Dear Dr. Darcy:
I’m going into my junior year of high school and I’m already stressing out even though it’s more than a week away. Last year I worked really hard and just managed to get a 3.0 GPA and I hear this year is even going to be tougher. There is so much pressure to get into college! But I want to also focus on my friends and having a life! How do I balance school, friends and my sports commitment? And were these ever really the best years of anyone’s life?
Hang in there, little mama. These most certainly will not be the best years of your life – much, much better years to come. I don’t know why parents tend to romanticize high school. Personally speaking, they were among my worst years which propelled me to specialize in working with adolescents early in my career – hoping to make those years a little more bearable for the teens who crossed my path.
Maintaining balance in life is a constant challenge and good for you for trying to achieve it in your youth. Most of us wait until we’re nearly burnt out in adulthood to reflect on the absence thereof. So how do you do it? And what does it even mean to have balance?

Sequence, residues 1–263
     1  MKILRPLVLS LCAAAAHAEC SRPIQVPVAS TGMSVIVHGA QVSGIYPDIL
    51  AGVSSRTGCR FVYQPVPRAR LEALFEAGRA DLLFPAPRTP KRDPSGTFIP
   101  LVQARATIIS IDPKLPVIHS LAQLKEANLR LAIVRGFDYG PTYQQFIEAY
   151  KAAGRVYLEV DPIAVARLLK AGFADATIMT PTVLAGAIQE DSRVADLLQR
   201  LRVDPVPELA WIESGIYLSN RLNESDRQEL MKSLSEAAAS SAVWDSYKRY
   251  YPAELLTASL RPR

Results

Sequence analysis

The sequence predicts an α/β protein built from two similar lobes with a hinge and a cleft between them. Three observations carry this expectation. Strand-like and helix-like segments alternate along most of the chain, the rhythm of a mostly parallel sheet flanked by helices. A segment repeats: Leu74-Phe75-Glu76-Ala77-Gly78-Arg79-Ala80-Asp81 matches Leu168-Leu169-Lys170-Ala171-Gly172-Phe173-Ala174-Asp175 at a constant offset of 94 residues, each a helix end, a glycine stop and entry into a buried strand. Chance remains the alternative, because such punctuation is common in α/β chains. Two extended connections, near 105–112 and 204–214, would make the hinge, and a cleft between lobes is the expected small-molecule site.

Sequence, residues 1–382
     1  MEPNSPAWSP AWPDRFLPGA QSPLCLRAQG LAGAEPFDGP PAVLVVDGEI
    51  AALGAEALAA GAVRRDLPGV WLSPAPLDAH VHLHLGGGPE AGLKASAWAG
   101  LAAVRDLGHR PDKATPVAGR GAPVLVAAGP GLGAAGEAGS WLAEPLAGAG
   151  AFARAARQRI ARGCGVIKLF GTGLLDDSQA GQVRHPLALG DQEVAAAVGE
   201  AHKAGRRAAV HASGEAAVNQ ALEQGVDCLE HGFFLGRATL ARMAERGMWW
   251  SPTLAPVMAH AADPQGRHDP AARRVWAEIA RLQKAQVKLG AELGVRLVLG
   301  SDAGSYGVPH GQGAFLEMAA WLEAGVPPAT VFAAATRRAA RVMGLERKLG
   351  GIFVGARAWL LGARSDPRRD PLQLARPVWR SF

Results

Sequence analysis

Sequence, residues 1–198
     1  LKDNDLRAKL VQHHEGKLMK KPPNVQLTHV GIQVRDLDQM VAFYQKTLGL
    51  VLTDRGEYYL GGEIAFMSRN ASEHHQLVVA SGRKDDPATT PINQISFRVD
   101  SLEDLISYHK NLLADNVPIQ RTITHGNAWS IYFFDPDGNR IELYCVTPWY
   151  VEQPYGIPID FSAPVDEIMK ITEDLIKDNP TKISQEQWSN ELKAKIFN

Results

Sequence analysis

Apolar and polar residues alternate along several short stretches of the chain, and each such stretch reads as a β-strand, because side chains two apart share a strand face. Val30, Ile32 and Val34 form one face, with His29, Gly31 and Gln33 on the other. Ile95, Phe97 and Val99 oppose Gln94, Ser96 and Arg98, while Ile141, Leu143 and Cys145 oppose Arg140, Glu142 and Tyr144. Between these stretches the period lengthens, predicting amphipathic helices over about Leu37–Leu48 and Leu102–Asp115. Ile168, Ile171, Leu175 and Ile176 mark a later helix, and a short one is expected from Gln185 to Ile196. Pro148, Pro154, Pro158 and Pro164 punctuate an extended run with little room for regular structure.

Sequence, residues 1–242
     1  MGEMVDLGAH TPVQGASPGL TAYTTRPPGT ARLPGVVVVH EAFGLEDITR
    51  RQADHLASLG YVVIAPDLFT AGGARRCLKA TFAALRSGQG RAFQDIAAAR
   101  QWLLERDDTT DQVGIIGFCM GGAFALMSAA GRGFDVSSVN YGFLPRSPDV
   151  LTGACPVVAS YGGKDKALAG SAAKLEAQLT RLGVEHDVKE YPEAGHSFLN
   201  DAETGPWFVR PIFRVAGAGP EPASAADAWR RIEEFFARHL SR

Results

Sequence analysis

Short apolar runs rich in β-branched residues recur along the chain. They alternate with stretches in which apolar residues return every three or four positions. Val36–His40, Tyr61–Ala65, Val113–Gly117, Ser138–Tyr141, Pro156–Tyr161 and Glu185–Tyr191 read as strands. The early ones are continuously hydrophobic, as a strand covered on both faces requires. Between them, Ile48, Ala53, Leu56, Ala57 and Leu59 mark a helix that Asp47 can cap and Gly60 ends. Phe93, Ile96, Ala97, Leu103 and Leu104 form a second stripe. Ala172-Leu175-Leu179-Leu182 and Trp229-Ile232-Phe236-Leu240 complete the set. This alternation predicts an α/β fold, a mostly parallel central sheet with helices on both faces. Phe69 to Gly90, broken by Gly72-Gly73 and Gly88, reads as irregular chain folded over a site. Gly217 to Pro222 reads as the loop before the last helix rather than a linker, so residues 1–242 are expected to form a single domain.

It doesn’t mean that 50% of your life is spent socializing. Think of work-life balance as dessert-meal balance. You don’t necessarily need dessert after every meal to feel fulfilled. You can have it after 1 meal a day and feel fulfilled. It’s the same with socializing. Maybe you have a friend over 1 night mid-week to watch your favorite TV show and get your homework out of the way by Saturday afternoons so you can have Saturday nights through Sundays to do anything or nothing. It all boils down to time management and living a life of intention. If it’s your intention to have down time, you need to look at your schedule of homework, tests and projects and budget that down time into your life. If, on the other hand, you live your life in response to the demands of the world, you will have little if any downtime and your stress will be through the roof.
I’m a huge proponent of balance in high school and I’m not of the mindset that you have to get into a particular college to become successful in life. In fact, I’ll say that if you can achieve work-life balance now, you’ll virtually ensure that your life will be successful, as measured by your level of happiness.
Writer’s Stats: Female, Straight.